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Feb15-12, 01:02 AM
P: 359
Quote Quote by ghwellsjr View Post
Planes that don't experience wind resistance are not a part of my analogy and you shouldn't be introducing them into the discussion.
Apologies, I was trying to get a better understanding of the MMX without the notion of an ether wind.

Quote Quote by ghwellsjr View Post
I covered the situation where the measurement was made while stationary on the ground. You shouldn't be asking about this again.
Apologies, I thought they were different questions

Quote Quote by ghwellsjr View Post
It's not just in deep space but at different altitudes on earth. Note 7 of Einstein's 1905 paper says:

You shouldn't be bringing this up. Isn't it obvious that if you want to use a mechanical clock, it must be one that is not going to be influenced by environmental factors? You could use a mechanical clock that has a balance wheel in it, the type that Einstein says to use.
In the scenario of the moving train, where the slower relative [to the train carriage] speed of light would be offset by the slower ticking light clock, would the use of such a mechanical clock to measure the speed of light lead to the observer measuring a slower speed.

Quote Quote by ghwellsjr View Post
Why do you object to any assumption that doesn't conflict with experimental evidence? You are free to adopt ether Lorentzian relativity or Einsteinian relativity (or both) since they both comport with reality identically (they both stand or fall together) but to argue that one should be excluded because it "doesn't sit too well with me" or because "to my mind it seems more objectionable" is the height of arrogance.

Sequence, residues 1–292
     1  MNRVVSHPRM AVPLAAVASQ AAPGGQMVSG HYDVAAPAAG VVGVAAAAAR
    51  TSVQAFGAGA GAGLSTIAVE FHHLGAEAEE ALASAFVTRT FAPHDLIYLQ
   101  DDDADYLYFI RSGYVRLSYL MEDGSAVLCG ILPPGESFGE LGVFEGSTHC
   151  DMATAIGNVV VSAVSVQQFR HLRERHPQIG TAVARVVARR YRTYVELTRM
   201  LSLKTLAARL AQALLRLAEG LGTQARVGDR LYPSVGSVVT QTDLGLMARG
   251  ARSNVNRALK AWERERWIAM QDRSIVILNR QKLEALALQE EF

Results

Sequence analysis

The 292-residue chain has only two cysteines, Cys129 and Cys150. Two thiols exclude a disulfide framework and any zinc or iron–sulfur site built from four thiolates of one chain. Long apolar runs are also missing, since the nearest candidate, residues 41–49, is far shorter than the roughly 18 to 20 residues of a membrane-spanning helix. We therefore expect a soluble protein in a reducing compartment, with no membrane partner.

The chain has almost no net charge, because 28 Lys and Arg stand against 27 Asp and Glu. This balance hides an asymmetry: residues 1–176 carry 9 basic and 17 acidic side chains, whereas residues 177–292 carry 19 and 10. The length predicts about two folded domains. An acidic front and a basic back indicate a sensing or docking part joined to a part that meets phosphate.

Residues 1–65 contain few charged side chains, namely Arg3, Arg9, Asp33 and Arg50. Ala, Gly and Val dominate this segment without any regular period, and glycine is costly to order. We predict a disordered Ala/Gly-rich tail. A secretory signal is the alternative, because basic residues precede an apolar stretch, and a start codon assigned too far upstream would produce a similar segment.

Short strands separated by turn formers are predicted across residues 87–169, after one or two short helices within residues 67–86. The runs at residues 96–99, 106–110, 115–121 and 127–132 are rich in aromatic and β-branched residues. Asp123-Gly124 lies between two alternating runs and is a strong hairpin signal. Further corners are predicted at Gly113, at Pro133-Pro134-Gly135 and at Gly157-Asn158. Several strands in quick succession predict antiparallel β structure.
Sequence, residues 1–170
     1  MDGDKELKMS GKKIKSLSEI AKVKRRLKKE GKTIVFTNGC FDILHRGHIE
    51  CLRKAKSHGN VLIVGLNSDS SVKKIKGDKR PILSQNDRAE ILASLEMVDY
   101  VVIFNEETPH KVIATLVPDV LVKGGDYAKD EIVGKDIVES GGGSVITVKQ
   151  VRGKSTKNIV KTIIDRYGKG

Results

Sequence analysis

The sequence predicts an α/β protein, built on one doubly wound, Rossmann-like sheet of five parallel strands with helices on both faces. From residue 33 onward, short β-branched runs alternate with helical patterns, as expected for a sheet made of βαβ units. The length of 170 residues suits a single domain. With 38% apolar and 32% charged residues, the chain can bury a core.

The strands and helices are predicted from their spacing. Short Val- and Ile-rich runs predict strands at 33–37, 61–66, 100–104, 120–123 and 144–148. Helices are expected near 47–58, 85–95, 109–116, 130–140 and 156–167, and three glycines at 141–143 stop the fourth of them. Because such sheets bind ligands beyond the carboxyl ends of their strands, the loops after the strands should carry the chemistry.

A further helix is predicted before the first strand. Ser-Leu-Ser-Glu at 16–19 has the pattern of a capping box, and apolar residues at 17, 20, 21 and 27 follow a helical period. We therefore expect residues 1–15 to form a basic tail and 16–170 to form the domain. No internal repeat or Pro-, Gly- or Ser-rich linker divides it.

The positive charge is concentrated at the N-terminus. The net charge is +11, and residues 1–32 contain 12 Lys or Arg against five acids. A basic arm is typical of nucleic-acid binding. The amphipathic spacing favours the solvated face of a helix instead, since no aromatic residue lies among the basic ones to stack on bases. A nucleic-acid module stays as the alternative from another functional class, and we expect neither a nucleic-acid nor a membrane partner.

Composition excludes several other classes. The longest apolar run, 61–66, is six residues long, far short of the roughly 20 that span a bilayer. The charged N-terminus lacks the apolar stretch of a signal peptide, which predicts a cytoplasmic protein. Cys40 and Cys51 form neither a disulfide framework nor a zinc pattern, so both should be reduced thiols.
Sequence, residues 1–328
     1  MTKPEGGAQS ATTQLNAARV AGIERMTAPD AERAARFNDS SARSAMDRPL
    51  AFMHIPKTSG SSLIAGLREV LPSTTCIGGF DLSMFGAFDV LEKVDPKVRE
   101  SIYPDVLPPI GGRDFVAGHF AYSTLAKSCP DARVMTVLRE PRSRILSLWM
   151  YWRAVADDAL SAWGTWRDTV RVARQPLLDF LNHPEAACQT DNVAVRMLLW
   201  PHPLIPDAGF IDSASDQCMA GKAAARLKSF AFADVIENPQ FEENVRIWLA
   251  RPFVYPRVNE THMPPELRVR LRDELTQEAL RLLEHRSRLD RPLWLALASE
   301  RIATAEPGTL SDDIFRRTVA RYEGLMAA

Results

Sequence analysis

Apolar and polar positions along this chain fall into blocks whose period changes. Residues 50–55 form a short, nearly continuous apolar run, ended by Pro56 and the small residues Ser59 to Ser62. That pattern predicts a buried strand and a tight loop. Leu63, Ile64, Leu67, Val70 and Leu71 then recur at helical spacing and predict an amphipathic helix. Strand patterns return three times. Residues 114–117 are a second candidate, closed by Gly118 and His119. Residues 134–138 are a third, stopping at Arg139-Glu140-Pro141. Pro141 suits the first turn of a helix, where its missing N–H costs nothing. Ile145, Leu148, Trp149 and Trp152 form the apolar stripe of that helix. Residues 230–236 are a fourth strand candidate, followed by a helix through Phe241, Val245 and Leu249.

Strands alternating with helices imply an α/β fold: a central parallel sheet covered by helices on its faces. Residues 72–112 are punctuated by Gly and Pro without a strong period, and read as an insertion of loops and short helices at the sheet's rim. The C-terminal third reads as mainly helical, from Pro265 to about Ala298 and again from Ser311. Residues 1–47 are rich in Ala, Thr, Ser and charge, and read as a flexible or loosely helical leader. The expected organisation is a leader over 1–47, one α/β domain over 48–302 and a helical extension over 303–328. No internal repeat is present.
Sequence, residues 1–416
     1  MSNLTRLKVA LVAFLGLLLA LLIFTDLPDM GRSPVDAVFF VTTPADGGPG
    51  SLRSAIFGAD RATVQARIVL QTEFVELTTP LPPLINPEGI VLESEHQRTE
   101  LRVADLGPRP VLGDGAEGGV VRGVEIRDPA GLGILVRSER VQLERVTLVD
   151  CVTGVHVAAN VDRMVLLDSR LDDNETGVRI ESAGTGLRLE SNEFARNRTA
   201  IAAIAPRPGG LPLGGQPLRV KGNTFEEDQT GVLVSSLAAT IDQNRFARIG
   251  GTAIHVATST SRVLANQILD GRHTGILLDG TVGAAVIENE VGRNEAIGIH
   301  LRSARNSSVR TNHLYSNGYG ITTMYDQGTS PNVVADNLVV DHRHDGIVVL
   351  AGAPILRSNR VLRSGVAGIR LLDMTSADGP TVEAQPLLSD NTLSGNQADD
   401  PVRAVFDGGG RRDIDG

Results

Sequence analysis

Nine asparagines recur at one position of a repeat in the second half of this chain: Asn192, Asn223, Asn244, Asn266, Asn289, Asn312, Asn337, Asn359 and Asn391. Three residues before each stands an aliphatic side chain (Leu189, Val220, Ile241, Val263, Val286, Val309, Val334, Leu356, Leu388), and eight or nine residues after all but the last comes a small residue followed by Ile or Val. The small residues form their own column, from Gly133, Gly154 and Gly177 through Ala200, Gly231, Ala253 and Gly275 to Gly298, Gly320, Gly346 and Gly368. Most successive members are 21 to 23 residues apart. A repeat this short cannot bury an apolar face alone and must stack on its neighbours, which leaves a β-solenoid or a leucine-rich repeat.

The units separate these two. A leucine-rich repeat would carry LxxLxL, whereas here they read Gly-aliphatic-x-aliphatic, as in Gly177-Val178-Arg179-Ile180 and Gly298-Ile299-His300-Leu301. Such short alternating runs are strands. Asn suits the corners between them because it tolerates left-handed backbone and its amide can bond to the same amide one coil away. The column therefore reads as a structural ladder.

I don't think it's a matter of arrogance, rather a matter of reason.

The objection to Lorentzian relativity, that usually seems to get cited as the reason for preferring Einsteinian relativity, is the fact that it doesn't have the undetectable, absolute rest frame; while Einsteinian relativity appears to treat each reference frames as though they are that absolute rest frame - that doesn't appear to be too different from my own reasoning.

However, that I find it more objectionable is not necessarily a conscientious preference for one over the other, rather that from trying to develop an understanding of both theories, the process of assimiltation of information has lead, for some reason, to Einsteinian relativity not sitting well; that could be, in part, due to the reasons that are given for preferring Einsteinian relativity over Lorentzian.

EDIT: also possibly because it seems like the superfluous assumption [of an absolute rest frame] that seems to make Lorentzian relativity less attractive, could probably be done away with, within the context of Lorentzian relativity.